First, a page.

NCERT Class 10 Economics Chapter 3: Money & Credit Complete Notes Part 1

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Money & Credit

Money Versus Barter

  • Barter System – Double coincidence of wants

  • Money – eliminates double coincidence of wants; Medium of EXCHANGE

So let’s understand what money is and how it evolved? Previously, there was no currency and no money in circulation, the only means of trade was exchange. That exchange is in from of barter system that means the person A grows the vegetables and fruits, so he is farmer and Person B is Poultry worker, so he working in poultry farm. A would provide vegetables and fruit to B in exchange of this he returns some kind of poultry to A, so that was kind of exchange, and this exchange is known as barter system.

Image of Money versus Barter

Image of Money Versus Barter

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Barter system is basically talked about Double coincidence of wants. There is wants that is a rising from A and that is rising from B both of this wants match what they minutely provide to one and another, if the Person B is looking for fruits, he exchanges but person A is not looking for chickens, that means person is only providing to person B, and there is no double coincidence of wants. As a result what he will do in lieu of what he sold, he will take some amount and that is what we call as money. Money is in simple term a medium of exchange.

Forms of Money

  • Currency: Paper notes and coins – authorized by Govt. (India – RBI)

  • Deposit with Banks – to earn interest for extra money; demand deposit (withdrawn on demand) – Cheque rather than Cash

Image of Cheque

Image of Cheque

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Now what are the various forms of the money, there could be two primary forms of money, third was talk about, we will see how it evolved in recent days.

Now first one money is the forms of cash, so any paper notes, coins that is in circulation would be known as currency. This issued only by an authorized organization, now let’s say if I bring a currency circulation I cannot do so but for a country like India, it is RBI that does so. That is Reserve Bank of India (RBI).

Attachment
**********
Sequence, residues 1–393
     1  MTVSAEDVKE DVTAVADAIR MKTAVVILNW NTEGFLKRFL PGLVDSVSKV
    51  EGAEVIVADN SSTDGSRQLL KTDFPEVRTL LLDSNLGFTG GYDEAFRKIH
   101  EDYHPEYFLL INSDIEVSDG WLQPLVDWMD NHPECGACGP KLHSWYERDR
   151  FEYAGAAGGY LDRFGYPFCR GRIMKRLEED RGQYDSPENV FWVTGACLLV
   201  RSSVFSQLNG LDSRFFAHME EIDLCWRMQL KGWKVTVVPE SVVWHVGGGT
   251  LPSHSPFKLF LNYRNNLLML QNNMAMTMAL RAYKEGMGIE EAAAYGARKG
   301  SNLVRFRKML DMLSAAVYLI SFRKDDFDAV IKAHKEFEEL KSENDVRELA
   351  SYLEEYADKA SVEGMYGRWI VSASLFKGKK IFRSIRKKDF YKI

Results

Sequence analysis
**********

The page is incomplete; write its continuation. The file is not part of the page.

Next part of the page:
The next form is deposits with banks, now let’s say I’m earning Rs. 10,000 thousands and I have Rs. 1000 extra that I have saved, now that extra saving I putting in the bank and on this what I deposit in the bank I will get certain interest. Let’s say I keep this money in my saving account for 1 year, so I’m keeping the money for 1 year I would be getting some kind of interest. Deposits with the bank can be in various forms. First is demand deposits and this demand deposits withdrawal on demand, for example Cheque, cheque is instrument which is a kind of demand deposits and this is example of cheque where you pay it to someone like XYZ and given amount say one thousand and that is how you work around. It’s not a physical money that you have in hand but it’s a kind of money transferred from one account to another and that is what is known as deposits with bank.

Recently, trend of digital economics, through internet banking or e-banking is getting momentum. All this kind of digital transactions are now common and the cheque is still not out dated and you have net banking, that is come in to way or you have banking through wallet so all this are the recent example of deposits. Now what is different between depositor and borrower?